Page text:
I've created a new Google Calendar to display entries from an iCal URL. Both methods, described below, were used to accomplish this:

  1. Google Calendar → Other Calendars → Add by URL

  2. Google Calendar → Other Calendars → Import Calendar

The source application, if anyone is interested is SugarCRM. In the application, it displays the iCal URL in this format: http://abcd.com/ical_server.php?type=ics&key=fasfdsdfdfd&[email protected]

Question 1: Is this the problem? Should the protocol be webcal:// instead of http://?

Additional info: I've set up the SugarCRM calendar in MS Outlook using the HTTP URL and Outlook updates correctly whenever I add a new entry in Outlook.

As a test, I shared the calendar from Outlook and it shows the exact same URL, except it displays it as webcal://abcd.com/ical_server.php?type=ics&key=fasfdsdfdfd&[email protected]

I'll create some more entries as a test and see if that's the issue, but has anyone run into this problem?

  • Is Google caching the response? Is your server sending Cache-Control headers? Perhaps sending the appropriate HTTP headers to prevent caching, or to cache only for a short period of time, might be sufficient?
    – MrWhite
    Commented Jul 5, 2013 at 0:04
  • Do you ever see the updated/new entries?
    – MrWhite
    Commented Jul 5, 2013 at 0:15
  • @w3d how do I tell if Google if caching the response? I don't know if the issue is server-side. Outlook shows the updated entries within a few minutes and Google Calendar takes much longer. Do you have a link to point me to that would explain how to modify the HTTP headers to prevent caching or decreasing the time?
    – TechWire
    Commented Jul 5, 2013 at 0:37
  • There is no way of really knowing whether Google is caching the response based on the HTTP headers without changing the HTTP headers and see what happens - Google is no doubt caching it to some extent. It may just be that Google is polling every 24 hours as you've stated in your answer. How you set the HTTP headers will depend on your web server and to some extent the server-side language you are using. For instance, in Apache, have a look at this SO question... stackoverflow.com/questions/11532636/…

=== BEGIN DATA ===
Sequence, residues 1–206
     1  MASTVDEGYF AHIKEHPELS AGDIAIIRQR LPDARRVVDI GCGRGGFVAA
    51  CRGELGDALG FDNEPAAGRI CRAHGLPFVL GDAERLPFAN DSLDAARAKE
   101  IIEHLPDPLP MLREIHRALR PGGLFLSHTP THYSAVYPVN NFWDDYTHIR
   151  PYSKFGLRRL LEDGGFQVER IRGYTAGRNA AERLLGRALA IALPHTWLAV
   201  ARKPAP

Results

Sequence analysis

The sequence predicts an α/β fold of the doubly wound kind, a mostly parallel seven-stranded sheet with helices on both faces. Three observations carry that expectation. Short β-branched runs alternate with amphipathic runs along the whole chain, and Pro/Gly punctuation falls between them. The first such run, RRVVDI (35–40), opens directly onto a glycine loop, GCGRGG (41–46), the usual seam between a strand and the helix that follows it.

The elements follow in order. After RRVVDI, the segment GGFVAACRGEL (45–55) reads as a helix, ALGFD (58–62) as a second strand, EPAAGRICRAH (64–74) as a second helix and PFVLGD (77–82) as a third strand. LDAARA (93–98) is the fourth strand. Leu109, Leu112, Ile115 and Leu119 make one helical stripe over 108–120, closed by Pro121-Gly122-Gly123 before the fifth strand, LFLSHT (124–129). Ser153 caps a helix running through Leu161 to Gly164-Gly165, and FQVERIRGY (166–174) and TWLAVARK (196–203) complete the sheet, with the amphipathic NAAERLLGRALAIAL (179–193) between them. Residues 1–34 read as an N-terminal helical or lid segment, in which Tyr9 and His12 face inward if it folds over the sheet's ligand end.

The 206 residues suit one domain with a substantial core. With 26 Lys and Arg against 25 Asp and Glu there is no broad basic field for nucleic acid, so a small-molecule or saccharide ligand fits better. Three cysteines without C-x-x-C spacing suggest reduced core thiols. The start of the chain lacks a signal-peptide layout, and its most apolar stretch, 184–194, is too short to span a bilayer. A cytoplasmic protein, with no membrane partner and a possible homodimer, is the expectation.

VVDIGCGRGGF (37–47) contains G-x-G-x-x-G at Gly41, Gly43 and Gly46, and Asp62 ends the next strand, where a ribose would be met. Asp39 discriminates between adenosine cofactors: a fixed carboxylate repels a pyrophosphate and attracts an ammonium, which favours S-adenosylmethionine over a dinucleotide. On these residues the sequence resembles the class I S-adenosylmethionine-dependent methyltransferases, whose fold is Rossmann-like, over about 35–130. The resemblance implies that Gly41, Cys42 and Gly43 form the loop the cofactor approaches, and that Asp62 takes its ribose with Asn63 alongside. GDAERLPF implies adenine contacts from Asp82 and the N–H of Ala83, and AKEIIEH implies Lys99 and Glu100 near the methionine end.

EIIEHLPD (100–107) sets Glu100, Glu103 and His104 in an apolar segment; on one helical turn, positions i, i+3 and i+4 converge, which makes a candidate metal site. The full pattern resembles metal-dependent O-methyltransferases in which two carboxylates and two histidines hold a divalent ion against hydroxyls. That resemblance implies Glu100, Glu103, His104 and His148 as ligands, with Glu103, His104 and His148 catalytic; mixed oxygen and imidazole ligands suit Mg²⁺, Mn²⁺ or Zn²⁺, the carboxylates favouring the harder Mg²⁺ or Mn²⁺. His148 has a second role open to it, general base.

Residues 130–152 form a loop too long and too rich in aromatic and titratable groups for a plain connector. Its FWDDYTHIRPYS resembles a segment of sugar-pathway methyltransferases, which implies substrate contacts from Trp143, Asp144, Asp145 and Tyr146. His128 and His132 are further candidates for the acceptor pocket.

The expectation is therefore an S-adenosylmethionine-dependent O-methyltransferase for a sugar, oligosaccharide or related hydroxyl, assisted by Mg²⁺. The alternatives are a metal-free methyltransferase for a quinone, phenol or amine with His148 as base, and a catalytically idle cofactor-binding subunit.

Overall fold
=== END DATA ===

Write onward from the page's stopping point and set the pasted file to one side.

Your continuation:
– MrWhite
    Commented Jul 5, 2013 at 9:27
  • Generally, if no specific caching instructions are sent in the response then it is up to the client how it is cached. But also, the client may choose to ignore any such headers anyway?!
    – MrWhite
    Commented Jul 5, 2013 at 9:29

2 Answers 2


The official Google answer:

Currently, calendar feeds are automatically updated by Google Calendar every few hours. We understand that some users want to have the ability to refresh the calendars they added manually and we are exploring various ways to enable this.

  • 3
    Link to Googles answer is no longer valid.
    – Klaas
    Commented Apr 2, 2015 at 20:04

I think I see the issue and it's due to the fact that Google Calendar appears to update its ical sources only every 24 hours.

There have been requests to either update it a bit more frequently or provide users with a manual refresh option - see link below:


My workaround is as follows, if this helps anyone:

  1. On my Android phone, I set up iCalSync2 to pull data from the iCal server. This shows up on my phone's calendar and is updated every hour.

  2. On my desktop Google Calendar version, I've set up a new calendar using the "import by URL" option. Since I don't want duplicate entries showing up on my phone, I have chosen not to sync this with my 'droid. I'm not really cool with this updating entries every 24 hours, but my phone is what I primarily use to view appointments.

  • Google migrated their forums. The link is redirected Google Calendar Community Welcome page. Commented Mar 27, 2023 at 4:08

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